Suicidal Behavior

Three definitions of self-directed violence:

Suicidal ideation – thoughts about or an unusual preoccupation with suicide. These thoughts can include planning or think suicide.

Suicide attempt – self-directed behavior with the intent to die. Please note that an attempt does not have to result in injury.

Suicide – death caused by self-directed behavior.  The goal of this behavior is the intent to die.

Factors that may increase a person’s risk for suicidal behavior include:

  • Access to weapons or other means
  • Family history of suicide
  • Previous suicide attempt or attempts
  • Alcohol, Drug or Substance abuse
  • Current or previous history of psychiatric diagnosis
  • Poor self-control or impulsivity issues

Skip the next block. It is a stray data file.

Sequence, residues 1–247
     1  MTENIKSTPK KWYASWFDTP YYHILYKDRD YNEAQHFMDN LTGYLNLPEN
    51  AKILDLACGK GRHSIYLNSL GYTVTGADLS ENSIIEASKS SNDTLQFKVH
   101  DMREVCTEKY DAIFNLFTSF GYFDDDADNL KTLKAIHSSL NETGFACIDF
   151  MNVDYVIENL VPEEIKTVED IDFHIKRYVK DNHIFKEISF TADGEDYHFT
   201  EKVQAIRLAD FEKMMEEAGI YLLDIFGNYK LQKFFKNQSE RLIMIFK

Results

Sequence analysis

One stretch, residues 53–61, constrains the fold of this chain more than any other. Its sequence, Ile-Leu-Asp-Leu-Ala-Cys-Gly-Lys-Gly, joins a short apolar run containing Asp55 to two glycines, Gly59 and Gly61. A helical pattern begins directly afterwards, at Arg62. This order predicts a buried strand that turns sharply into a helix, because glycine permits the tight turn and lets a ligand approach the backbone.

• Hopelessness – presence, duration, severity
  • Loss– physical, financial, personal
  • Recent discharge from psychiatric facility
  • History of abuse (physical, sexual or emotional)
  • Additional health problems (especially a newly diagnosed problem or worsening symptoms)
  • Age, gender, race (elderly or young adult, unmarried, white, male, living alone)
  • Same- sex sexual orientation

The first three warning signs:

  • Making threats to hurt or kill self
  • Seeking access to pills, weapons or other means
  • Talking or writing about death, dying or suicide

The remaining list of warning signs should call attention that an evaluation needs to be conducted in the very near future. Precautions should be in place right away to ensure the safety, of the individual.

  • Hopelessness
  • Rage, anger, seeking revenge
  • Acting reckless or engaging in risky activities, seemingly without thinking
  • Feeling trapped – like there’s no way out
  • Increasing alcohol or drug abuse
  • Withdrawing from friends, family or society
  • Anxiety, agitation, unable to sleep or sleeping all the time
  • Dramatic changes in mood
  • No reason for living, no sense of purpose in life 

Suicide Ideation (thoughts of suicide)

In most cases, suicidal ideation is believed to be the start of suicidal planning and action.